Thirteen speaker connections (plus two subs) are represented by the sturdy binding posts accepting banana plugs. This makes the setup a plug-n-play one, with the Audyssey Platinum Suite calibrating the room and speakers. I was satisfied with the levels the system set for all the channels, and with the amount of bass and treble of each speaker, as well as the overall volume balance.
The power output makes 150W per channel at 8-Ohm impedance. Combined with four high-quality DSPs, it ensures the solid high-resolution sound in all supported formats. The latter range from Dolby Surround to IMAX (with the Dolby Atmos and DTS:X in between). The sound of this Denon AV receiver flows easily and pictures the exact instrument, voice and effect with a lot of detail. It makes any source sound natural and balanced in any of the supported speaker configurations.
The multiple HDMI ports, compatibility with Smart Home systems, and even DAB broadcast support can be found in many home theater receiver reviews. What makes this receiver different (except for its extremely high price) is the quality of build, which results in the way it sounds.
The premium amplifier components and individual assembly provide for the 100W per channel power output at 7 channels operating. The receiver supports various configurations including such sophisticated ones as 7.1.4 for DTS:X or Dolby Atmos decoding. The surround sound transmitted through the receiver is very clean, with no color but distinct detail of the initial sound. This clarity is preserved throughout the frequency scale (20Hz – 20KHz). The bass in the 7.1 mode creates a full presence effect while the height speakers sound blend into the soundstage seamlessly. Treble is pitched high but doesn’t get harsh, and the dialogs are sharp against the loudest effects.
The receiver has seven HDMI ports, four of which support HDCP 2.2 protocol, and can pass through the UHD picture. For output, there are three HDMI connections, one of which is ARC enhanced. The IMAX content can also be passed through these ports. The video features sharp highlights and contrasts, as well as saturated vivid colors.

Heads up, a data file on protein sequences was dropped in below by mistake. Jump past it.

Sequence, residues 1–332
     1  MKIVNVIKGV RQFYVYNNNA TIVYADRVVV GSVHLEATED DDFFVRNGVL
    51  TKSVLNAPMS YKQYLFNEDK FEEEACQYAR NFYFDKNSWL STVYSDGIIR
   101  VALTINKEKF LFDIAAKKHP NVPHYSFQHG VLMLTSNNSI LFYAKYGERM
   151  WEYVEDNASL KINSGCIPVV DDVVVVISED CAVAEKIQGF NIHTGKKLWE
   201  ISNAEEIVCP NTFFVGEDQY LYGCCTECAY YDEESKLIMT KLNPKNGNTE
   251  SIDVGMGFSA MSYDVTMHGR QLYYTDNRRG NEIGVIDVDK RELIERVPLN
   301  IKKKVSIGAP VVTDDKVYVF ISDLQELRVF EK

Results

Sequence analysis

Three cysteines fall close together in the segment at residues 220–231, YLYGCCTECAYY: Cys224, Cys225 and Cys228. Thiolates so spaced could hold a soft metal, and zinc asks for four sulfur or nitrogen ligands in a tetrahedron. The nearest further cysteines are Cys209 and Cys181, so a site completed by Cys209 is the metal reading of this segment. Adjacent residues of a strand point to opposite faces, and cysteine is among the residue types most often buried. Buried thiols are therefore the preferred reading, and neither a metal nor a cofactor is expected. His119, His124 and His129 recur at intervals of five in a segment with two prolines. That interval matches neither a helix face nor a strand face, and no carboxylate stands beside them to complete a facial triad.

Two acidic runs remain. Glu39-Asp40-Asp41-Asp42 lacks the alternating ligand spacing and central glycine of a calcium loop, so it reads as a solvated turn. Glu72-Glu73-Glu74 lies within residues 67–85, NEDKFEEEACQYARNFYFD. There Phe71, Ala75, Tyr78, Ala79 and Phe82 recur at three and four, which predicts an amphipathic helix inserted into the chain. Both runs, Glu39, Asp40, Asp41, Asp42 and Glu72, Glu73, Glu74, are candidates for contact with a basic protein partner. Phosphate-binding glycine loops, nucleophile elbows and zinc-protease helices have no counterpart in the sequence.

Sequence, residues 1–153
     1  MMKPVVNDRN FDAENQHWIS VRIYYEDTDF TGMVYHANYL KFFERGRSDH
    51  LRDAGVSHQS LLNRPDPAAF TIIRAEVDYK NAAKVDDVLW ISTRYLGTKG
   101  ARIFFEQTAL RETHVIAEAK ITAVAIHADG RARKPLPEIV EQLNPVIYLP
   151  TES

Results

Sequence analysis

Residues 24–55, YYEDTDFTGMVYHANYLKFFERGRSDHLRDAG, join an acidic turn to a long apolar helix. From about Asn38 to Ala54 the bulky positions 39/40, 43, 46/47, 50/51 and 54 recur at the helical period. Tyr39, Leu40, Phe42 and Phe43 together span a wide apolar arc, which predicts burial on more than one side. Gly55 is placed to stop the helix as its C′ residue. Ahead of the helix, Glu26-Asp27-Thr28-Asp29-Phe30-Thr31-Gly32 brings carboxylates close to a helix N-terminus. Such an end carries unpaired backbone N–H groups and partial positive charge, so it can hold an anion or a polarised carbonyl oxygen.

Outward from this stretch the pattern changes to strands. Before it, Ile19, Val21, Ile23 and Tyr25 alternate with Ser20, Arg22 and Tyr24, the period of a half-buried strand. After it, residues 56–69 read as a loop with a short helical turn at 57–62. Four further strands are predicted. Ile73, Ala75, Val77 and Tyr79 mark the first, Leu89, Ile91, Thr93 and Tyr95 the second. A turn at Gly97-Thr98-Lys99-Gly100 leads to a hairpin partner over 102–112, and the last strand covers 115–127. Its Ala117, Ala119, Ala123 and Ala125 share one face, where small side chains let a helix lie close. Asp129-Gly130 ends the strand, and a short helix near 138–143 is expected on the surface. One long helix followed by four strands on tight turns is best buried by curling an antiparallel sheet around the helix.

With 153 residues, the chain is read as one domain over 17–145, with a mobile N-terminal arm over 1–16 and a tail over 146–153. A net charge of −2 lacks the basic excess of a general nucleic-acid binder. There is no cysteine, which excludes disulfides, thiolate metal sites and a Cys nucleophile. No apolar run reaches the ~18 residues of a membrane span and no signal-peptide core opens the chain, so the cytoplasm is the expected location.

The radio transmission technologies include the dedicated antenna inputs and Internet radio streaming support (through Wi-Fi or Bluetooth). The media files can also be played from the USB flash drive. The receiver is compatible with the home control systems and the iOS app.
This audiophile-grade Pioneer AV receiver combines the high power capacity with versatile options and construction specifics. All this results in the transparent and strong sound with all the frequencies balanced in the way they’re meant to be.
The unit powers the 9.2-channel scheme ensuring the 140W per channel output. It provides dynamic and precise playback with the sharp picturing of every detail, in any surround sound format. Tested with the Dolby Atmos content, it delivered the exact sound-to-channel distribution that created a fully enveloping effect. The treble is full and airy but not bright while mids and lows tend to take as much space as possible.
The Blu-Ray player, gaming console, cable box, or any other source can be plugged into one of the seven HDMI ports, one of which is MHL-compatible. There are also three HDMI outputs. The speaker connectors are bulky binding posts plus RCA ports for subwoofers. Other connections include coaxial and optical inputs and optical output. The RCA jacks for speakers and source devices including the phono stage.
The Pioneer home theater receiver integrates the MCACC Pro Room calibration featuring multiple EQ options. The system works well in the standard room and sets the levels accurately. However, with the slightly changed speaker placement, it set my sub to the minimum volume resulting in the non-impressive bass. The bass and treble balance, as well as preset volume level, can be assigned via the on-screen menu or directly through the receiver’s interface.